Laughlin House: The house was built in 1912, and it's now a dormitory. The grapevine has it that James Laughlin or James Rea hung themselves there. (They didn't. Julia Rea and Laughlin had a rumored affair, but it didn't end in anyone's suicide.) Laughlin House (Its' namesake is one of Jones & Laughlin Steel's founders, and grandfather of noted American poet James) is supposed to be the eeriest place at Chatham.
One former student told us she had her eeriest experience there: "The worst was a female spirit in Laughlin House (3rd floor). She had long dark hair and a bluish white dress, (and) she woke me up one night by putting intense pressure on my chest..."
Most phenomena experienced there are fairly traditional, with slamming doors, electrical devices turning on and off, ringing phones, opening and closing windows, running commodes and rearranged clothes and shoes. Some feel that the long ago affair cast a negative vibe over the house that can be felt to this day.
Mellon Center: Built in 1887, Andrew W. Mellon lived there for 20 years. There's a pool (now drained and used as a mechanical room) and bowling alley in the basement, and Mellon doesn't like to share them with the students, so he tries to shoo them away.
He's been seen walking across the pool area, but most of the sightings are in the bowling alley. Students can hear Mellon and Henry Clay Frick talking and listening to music. You can smell cigar smoke, and if the alley's closed, you can see the smoke coming out from behind the shut door. If you do bowl, the room is often cold.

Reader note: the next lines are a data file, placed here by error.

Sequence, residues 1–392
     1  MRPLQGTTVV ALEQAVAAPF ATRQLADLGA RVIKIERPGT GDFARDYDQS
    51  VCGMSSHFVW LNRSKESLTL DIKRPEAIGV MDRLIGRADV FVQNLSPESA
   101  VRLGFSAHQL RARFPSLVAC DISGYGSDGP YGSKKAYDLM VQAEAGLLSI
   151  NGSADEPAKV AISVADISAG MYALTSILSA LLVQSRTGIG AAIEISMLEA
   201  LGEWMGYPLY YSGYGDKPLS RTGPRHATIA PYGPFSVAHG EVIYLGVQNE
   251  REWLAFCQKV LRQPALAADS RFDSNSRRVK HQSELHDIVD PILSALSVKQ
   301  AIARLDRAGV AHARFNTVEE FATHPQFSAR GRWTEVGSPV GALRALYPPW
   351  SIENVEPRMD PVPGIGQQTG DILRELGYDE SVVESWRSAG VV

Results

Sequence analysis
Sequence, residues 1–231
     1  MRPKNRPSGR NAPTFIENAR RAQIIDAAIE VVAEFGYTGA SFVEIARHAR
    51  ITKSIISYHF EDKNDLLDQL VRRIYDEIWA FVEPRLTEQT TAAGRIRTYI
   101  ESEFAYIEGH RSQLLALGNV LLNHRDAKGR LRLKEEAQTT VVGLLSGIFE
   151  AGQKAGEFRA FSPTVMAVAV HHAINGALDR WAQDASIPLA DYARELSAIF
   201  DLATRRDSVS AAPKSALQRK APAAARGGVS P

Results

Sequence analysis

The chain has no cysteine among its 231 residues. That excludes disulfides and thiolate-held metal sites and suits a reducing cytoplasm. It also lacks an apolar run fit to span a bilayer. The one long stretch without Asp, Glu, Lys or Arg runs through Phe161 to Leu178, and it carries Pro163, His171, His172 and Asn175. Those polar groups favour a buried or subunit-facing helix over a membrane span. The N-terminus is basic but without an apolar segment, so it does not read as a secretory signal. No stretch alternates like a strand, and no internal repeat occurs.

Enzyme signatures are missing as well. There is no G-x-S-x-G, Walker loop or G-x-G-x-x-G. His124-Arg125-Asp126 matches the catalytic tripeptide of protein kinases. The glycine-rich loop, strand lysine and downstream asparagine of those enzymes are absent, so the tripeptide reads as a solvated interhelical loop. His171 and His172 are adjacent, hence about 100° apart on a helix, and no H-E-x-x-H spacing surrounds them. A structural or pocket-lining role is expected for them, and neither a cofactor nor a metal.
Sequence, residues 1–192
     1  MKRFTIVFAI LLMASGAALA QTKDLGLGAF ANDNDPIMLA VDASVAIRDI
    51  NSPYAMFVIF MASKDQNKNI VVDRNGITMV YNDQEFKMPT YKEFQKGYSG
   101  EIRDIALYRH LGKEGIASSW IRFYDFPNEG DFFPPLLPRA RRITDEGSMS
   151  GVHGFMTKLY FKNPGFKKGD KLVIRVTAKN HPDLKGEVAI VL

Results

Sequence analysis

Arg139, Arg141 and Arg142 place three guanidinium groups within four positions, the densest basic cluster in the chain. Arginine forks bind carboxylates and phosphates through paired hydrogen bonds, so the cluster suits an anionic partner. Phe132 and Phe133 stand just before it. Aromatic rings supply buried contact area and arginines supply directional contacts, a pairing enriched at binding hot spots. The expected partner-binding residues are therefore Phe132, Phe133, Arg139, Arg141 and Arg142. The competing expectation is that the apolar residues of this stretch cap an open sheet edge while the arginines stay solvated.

The pins get into the act, too, sometimes resetting themselves so you can bowl another frame. There's some unspecified ghostly going-ons on the third floor. It's also said that the eyes of the portrait of Andrew Mellon in the lobby follow you around.
Rea House: This was also built in 1912. The ghost of a maid that had an affair with Andrew Mellon, or maybe Claude Benedum, makes her presence felt in the dorm. (No one's certain which one she did the dirty deed with. What is known is that she ended the affair by hanging herself in the dining room. We're not sure if she was the same maid hung in Benedum Hall or not. If not, same ending, different house.)
Allegedly, a woman's ghost walks through the front windows. There are also reports of crying babies, windows that never close, and some other poltergeist type activity. But for all its alleged history, many other students said that they've experienced nothing out of the ordinary.
Woodland Hall: This is where Chatham's most famous spirit lives, the “Blue Lady of Woodland Hall”. Students wake up with the vision of a woman hovering above them, dressed in a blue chiffon dress. But she shares the spotlight with the ghost of a young boy, who once grabbed a hapless student by the ankle while imploring her to play with him. The specter had a good grip; he left a bruise on her ankle. His haunt, the fourth floor, is always cold.
If you wonder how people from different mansions managed to meet discreetly for their various trysts, the answer is tunnels. Andrew Mellon, a lover of privacy, had various residences connected by underground tunnels (now closed; one reader said it went just from Benedum to Fifth Avenue) that were said to be wide enough to drive a carriage through. And once they got the maid in the back seat...
The school has held an annual Chatham Ghost Walk since 2005 to explore the haunted history behind Chatham’s residence halls.